Bo Li, Ph.D.
The amygdala is essential for learning andexpression of behavioral responses driven by either rewarding or aversivestimuli. How exactly distinct amygdala circuits contribute to the generation ofsuch divergent behavioral responses remains unclear. Our recent studies in miceindicate that aversive stimulus-driven learning and stress induces distinct plasticchanges in distributed amygdala circuits, including those in the extendedamygdala. These changes may underlie specific learning processes or behavioralresponses. Here I will report our recent findings regarding the cellular andcircuit mechanisms underlying some of the behavioral roles of the amygdala.
1:00pm – 1:30pm Refreshments and Networking
1:30pm – 2:30pm Presentations
Solutions Consulting Services Overview – Matt Blazevich, Matt Miller
Campus Cloud Plus – Roman Mitz, Craig Miron, Bob Rittiger
ISO Update – Information Security Team
Splunk – Walter Wong
2:30pm – 3:00pm Individual Presenter Q&A Opportunity
My program of research uses a systems neuroscience approach to study the neurobiological computations, maturational constraints, and plasticity underlying speech and language acquisition. In this presentation, I discuss insights gained from a series of experiments using multimodal, behavioral, and computational modeling methods to examine speech acquisition in adulthood. I will elucidate the crucial role of cortical-subcortical networks in the extraction, encoding, categorization, learning, and experience-dependent modulation of speech signals. In particular, I will demonstrate that: (1) neural representations of novel speech categories can arise in the superior temporal gyrus (STG) within a few hundred training trials of sound-to-category training (2) signal reconstruction in the subcortical auditory system is also subject to plastic changes, albeit at a slower time-scale; such sensory plasticity is behaviorally-relevant and is retained, (3) successful speech categorization relates to individual differences in the robustness of functional and structural connectivity between the STG and the dorsal striatum. I will conclude the presentation with practical examples of how a better understanding of the neurobiology of cortical-subcortical networks can be leveraged to design optimal behavioral and neuro-modulation interventions to enhance learning.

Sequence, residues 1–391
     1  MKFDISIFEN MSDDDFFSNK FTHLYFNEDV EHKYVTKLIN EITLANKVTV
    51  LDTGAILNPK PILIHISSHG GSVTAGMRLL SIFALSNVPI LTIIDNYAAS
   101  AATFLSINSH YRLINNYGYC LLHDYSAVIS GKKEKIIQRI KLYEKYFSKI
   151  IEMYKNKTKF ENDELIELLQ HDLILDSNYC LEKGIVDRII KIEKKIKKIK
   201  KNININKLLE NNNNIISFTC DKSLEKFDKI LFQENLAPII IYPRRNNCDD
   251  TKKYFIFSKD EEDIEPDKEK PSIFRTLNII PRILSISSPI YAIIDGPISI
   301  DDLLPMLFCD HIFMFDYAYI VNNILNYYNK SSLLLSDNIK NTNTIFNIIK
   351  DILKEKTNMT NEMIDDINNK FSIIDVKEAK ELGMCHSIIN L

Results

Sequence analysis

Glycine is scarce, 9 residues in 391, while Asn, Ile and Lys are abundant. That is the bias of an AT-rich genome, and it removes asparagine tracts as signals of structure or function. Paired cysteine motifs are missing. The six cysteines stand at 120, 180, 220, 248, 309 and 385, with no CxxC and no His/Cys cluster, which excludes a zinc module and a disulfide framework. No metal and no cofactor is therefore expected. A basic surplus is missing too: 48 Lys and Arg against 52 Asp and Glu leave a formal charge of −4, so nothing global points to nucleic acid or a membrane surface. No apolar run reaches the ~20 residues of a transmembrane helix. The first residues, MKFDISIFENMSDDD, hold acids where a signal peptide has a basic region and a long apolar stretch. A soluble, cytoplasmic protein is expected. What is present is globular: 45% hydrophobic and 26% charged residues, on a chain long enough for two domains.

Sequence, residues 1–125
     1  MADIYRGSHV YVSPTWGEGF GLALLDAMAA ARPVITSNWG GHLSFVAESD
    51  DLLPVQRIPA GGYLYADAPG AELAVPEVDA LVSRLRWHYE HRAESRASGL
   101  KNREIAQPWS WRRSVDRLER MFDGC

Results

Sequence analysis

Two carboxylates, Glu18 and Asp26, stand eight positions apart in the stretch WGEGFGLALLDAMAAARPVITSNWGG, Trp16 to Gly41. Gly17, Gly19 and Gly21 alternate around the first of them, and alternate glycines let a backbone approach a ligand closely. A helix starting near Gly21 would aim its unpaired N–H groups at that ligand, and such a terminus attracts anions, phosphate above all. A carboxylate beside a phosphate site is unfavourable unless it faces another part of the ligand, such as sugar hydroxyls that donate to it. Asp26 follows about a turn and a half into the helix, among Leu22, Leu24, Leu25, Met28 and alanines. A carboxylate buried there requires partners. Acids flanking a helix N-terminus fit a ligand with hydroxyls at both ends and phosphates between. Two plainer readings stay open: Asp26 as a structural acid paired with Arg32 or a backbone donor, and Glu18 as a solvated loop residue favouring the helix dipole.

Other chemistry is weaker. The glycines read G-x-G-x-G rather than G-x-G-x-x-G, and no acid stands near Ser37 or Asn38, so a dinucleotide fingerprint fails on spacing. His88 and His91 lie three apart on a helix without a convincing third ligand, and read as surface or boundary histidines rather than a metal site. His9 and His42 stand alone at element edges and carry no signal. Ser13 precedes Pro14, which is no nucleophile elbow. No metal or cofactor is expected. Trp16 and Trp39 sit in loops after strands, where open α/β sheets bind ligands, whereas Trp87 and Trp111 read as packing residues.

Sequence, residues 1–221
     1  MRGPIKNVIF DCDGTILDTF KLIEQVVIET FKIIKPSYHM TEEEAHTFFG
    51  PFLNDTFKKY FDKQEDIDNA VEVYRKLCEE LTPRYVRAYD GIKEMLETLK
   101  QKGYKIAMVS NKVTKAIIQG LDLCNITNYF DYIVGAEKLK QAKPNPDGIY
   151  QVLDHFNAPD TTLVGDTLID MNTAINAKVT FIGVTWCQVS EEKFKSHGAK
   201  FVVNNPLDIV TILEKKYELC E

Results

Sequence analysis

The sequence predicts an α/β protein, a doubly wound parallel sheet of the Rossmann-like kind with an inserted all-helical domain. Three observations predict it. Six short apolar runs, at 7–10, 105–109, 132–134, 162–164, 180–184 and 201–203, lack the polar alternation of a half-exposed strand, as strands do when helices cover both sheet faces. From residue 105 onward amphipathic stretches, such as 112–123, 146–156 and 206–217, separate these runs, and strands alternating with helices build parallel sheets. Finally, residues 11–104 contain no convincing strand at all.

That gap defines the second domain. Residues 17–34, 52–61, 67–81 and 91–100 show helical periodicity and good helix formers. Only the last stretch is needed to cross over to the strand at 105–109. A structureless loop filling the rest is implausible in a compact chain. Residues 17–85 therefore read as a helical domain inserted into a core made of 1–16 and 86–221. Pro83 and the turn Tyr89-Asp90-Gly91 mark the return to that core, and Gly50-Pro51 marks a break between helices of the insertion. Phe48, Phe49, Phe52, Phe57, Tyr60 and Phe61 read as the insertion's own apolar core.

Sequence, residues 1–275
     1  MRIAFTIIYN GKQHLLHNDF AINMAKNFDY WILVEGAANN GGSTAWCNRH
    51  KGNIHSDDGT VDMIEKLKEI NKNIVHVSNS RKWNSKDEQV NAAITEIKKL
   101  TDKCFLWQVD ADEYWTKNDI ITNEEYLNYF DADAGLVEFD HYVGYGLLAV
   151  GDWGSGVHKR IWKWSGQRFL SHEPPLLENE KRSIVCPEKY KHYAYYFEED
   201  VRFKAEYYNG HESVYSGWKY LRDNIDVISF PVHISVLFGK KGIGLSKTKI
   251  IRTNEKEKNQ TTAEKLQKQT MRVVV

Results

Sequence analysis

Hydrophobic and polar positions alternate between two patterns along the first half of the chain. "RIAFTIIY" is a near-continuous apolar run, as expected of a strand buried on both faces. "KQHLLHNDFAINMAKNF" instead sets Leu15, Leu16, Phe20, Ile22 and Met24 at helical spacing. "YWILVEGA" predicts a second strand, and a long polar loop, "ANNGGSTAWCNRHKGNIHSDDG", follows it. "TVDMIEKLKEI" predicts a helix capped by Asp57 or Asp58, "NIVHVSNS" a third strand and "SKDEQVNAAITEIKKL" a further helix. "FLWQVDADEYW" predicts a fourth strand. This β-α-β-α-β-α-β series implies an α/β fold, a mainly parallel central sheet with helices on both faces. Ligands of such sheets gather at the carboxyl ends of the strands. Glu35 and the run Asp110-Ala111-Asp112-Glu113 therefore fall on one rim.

Bio: Dr. Chandrasekaran is currently an Associate Professor in the Departments of Communication Sciences and Disorders, Psychology, and Linguistics at The University of Texas at Austin. He earned his Ph.D. in Integrative Neuroscience from Purdue University in 2008 and completed a postdoctoral fellowship at Northwestern University before joining the UT faculty in 2010. He is the recipient of Regents’ Outstanding Teaching Award in 2014, Psychonomics Early Career award in 2016. Dr. Chandrasekaran is currently serving as an Editor of the Journal of Speech, Language, and Hearing Research. He is primarily interested in understanding the mechanisms underlying brain plasticity. His current research examines the neurobiological computations that underlie speech perception and learning, using an interdisciplinary, computational, and lifespan approach, and is supported by funding from the National Institutes of Health and the Defense Advanced Research Projects Agency. He is the Director of the SoundBrain Lab (https://csd.utexas.edu/research/sound-brain-lab) and co-founder of the Multimodal Neuroimaging Initiative (http://sites.utexas.edu/multimodal/) at The University of Texas at Austin.